The pyramid was divided into four quadrants, each representing a different refugee community – from specific age groups, such as children, to groups that face particular challenges, such as women or refugees with disabilities. 

In each workshop, participants split into two teams, with each team receiving a pyramid. They selected three groups for three pyramid quadrants, while the fourth quadrant highlighted the collective needs of all refugee communities. 

The cubes at participants' disposal featured symbols associated with critical areas such as health, family, education and legal matters. In recognition of the evolving nature of refugees' needs, some cubes were left blank. This allowed participants to introduce new priorities, using colours and pens to express them, an approach adapted from another art-based tool, the City of Refuge toolkit. 

This method wasn't just about listing priorities; it was a powerful exercise in giving refugees a voice, enabling them to articulate and visualise their needs in a way that was both engaging and profoundly meaningful.

Stories do matter

When we set out to create our tool, we were fully aware of the research fatigue felt by most refugee communities. We wanted to introduce something fresh that would not only capture their interest but also provide a space for them to express themselves on their own terms, share their stories, and connect.

The pyramid's four-sided design had two main objectives. First, it sought to foster empathy among refugee groups towards each other by highlighting aspects of refugee lives that often remain hidden, such as the challenges faced by refugees in prisons, those dealing with mental health issues, autistic child refugees and women-led households. 

Second, the quadrant dedicated to the wider refugee community encouraged participants to adopt a holistic perspective. This involved uniting them to collectively consider their priorities, thereby fostering a sense of unity and shared purpose across different communities. It emphasised the importance of a unified approach to refugee support while acknowledging that different groups have unique needs and priorities.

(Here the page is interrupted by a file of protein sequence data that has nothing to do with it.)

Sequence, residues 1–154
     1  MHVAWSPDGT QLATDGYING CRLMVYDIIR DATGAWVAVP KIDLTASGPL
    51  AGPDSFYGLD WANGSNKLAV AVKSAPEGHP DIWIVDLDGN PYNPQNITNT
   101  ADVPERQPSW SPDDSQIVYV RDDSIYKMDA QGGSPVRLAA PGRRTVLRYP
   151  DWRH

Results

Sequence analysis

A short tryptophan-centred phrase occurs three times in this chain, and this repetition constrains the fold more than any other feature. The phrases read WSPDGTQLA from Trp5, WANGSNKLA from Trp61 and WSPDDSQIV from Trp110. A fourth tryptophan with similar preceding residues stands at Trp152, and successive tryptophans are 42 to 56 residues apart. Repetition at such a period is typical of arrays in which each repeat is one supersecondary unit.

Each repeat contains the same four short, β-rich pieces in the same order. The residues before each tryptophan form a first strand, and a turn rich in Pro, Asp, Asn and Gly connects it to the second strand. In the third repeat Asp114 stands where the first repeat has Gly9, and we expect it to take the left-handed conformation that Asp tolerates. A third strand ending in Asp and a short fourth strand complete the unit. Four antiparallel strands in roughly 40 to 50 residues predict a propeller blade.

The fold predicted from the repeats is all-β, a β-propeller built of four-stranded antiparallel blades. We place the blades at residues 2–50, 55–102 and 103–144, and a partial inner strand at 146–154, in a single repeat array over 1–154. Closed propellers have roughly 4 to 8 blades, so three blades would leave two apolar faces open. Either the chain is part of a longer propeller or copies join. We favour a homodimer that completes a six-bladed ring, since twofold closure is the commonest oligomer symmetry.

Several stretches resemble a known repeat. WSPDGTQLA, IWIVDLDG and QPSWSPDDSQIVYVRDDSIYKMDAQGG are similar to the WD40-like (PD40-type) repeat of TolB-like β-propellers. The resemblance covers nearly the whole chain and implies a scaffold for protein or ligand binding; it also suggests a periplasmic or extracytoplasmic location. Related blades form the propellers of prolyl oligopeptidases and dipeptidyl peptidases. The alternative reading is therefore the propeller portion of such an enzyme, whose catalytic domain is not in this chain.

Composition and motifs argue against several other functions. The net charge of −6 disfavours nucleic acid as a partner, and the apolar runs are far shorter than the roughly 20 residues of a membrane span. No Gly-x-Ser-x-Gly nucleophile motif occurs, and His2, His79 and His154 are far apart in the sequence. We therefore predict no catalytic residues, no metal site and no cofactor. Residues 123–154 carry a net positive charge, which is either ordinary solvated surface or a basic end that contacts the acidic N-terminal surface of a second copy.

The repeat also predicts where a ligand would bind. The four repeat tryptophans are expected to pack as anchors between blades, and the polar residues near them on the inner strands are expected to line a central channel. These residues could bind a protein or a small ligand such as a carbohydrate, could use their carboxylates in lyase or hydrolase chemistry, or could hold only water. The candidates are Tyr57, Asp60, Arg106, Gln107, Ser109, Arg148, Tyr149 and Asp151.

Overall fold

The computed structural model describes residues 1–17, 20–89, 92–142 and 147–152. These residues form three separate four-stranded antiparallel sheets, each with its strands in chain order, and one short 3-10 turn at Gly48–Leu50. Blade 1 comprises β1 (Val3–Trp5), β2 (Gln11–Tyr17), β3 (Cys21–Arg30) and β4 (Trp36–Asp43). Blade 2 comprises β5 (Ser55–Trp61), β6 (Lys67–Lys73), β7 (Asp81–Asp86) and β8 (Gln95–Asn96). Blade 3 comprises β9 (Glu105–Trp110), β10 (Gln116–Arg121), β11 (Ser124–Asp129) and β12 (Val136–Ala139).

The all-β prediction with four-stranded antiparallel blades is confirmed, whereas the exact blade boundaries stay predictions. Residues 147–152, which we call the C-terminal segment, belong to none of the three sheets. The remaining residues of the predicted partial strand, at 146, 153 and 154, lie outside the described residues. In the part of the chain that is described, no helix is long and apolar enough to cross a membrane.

Discussions delved into the day-to-day challenges, highlighting specific issues such as Eritrean children's inability to enrol in Jordanian schools, and general challenges such as labour exploitation and the hurdles faced in opening bank accounts.

The way participants interacted with the tool was fascinating. In one workshop, participants placed the symbol representing the United Nations High Commissioner for Refugees upside down to signify how they experience its mandate to protect them. These interpretations sparked stories, prompted questions, encouraged a deeper exploration of each other's perspectives, and revealed personal priorities grounded in their experiences.

Not 'refugees': dreamers

One poignant drawing on a blank cube suggested that love should be considered a priority, highlighting the common struggles of refugee experiences. Bana (a pseudonym), an Iraqi single mother, suggested dedicating a section of the pyramid to those who dream of better lives, specifically asking not to label it as 'for refugees' but 'for dreamers'. This request fostered a collective mindset among her group, encouraging them to jointly imagine an alternative world for refugees.

The participants' powerful stories revealed deep insights, nurtured empathy and also laid bare the intricate tapestry of needs, ambitions and dreams characterising refugee communities. The team has crafted a policy brief to further the dialogue and pursue strategies that challenge the status quo, with advocacy as the next critical step. 

Despite the significant tasks ahead for refugee justice, it is the participants themselves, through their stories and ability to collectively imagine a joint future, that provided the answer to the question "Is there scope to hope?". It is a resounding ‘Yes!’

About the author

Hala Ghanem ([email protected]) is assistant professor, department of architectural engineering, Hashemite University

Hala Ghanem's picture